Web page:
Jirsch Sutherland is again hitting the road over the next few months, with a number of meet and greets and informal educational seminars taking place throughout regional and rural Australia.
From Broome in Western Australia, to Portland in Victoria, to Wollongong in New South Wales and Roma in Queensland, our insolvency information sessions are proving invaluable to local communities right across the country.
“Insolvency law is extremely complex. Outside of the major metropolitan cities, business owners and their advisers, such as lawyers and accountants, often do not have access to appropriately qualified insolvency specialists,” says Jirsch Sutherland Business Director, Rebecca Hindson. “In fact, there’s often a misguided idea about what services we can provide and the benefits we can offer struggling businesses.
“What we are hearing, are real stories about: struggling businesses that are on multiple payment arrangements with the ATO; a general lack of understanding around what fraudulent phoenix activity consists of and understanding how it is detected and dealth with; and questions around how struggling businesses could access alternative finance.
“Our knowledge of local economies, combined with our national presence and resources means Jirsch Sutherland Partners and Business Directors are well placed to offer practical solutions to these local business communities. Whether the business requires our services or might benefit from a relationship we have with another service providers. We aim to provide solutions that are relevant and timely. We pride ourselves on being honest and literally getting out into the community – whether in regional, rural or metropolitan areas – to help our clients and their clients.”
Working and collaborating with local advisers
This year alone, Jirsch Sutherland Partners and Business Directors have already visited over 40 regional centres and country towns. Our information and education sessions with local lawyers, accountants and company directors on the options available to companies that might be in financial difficulty (such as restructuring or turnaround solutions, voluntary administration or liquidation) have been particularly well received and certainly created many discussions afterwards.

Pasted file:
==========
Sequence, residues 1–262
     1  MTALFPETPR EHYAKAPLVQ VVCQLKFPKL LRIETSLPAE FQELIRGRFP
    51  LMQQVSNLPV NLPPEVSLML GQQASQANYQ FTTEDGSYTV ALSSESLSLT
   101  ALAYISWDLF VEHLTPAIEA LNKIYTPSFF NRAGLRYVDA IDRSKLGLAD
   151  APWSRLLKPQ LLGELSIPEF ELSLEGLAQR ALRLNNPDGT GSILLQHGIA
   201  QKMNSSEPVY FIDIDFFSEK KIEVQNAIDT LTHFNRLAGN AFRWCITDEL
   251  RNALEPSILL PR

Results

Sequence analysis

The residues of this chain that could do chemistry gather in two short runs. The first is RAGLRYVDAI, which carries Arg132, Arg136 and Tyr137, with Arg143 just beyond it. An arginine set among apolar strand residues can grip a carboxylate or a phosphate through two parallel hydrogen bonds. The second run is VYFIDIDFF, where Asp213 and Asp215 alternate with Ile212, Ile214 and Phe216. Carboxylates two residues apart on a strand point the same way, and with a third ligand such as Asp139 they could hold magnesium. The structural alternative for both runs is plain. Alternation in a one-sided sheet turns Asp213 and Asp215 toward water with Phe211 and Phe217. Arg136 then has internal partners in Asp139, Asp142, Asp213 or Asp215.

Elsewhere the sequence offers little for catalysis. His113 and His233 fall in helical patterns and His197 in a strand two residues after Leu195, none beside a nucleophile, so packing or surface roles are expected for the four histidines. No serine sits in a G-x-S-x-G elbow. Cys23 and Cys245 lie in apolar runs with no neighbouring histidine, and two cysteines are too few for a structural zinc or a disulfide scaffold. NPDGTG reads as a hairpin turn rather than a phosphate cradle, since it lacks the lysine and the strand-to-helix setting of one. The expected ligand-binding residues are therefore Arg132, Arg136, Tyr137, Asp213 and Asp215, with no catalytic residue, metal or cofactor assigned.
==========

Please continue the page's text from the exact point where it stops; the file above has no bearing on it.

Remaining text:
Don’t be misguided – Liquidation and Voluntary Administration are not the same
A particular focus of the educational seminars taking place around the country is on the benefits of a company going into voluntary administration.
“What we are finding is that regional communities have not made the distinction between a company going into liquidation versus voluntary administration,” Rebecca explains.
“It has been a personal focus of mine in our insolvency educational seminars to highlight the benefits of the administration process. Where there is a genuine belief that a company has a good core business but is struggling with debt and overheads, then a director should be considering trading on through the process of voluntary administration with the assistance of an administrator.
The process is designed for an independent insolvency firm such as ours to work with the director to assist the company in surviving. The process is usually short and is commercially viewed as a positive move for all of the key stakeholders, including creditors and employees.
Our regional and rural visits are all about experience and exposure. Insolvency is a highly specialised area of accounting and law, and most firms tend to be based in the major cities. We are proud to be able to address this imbalance.”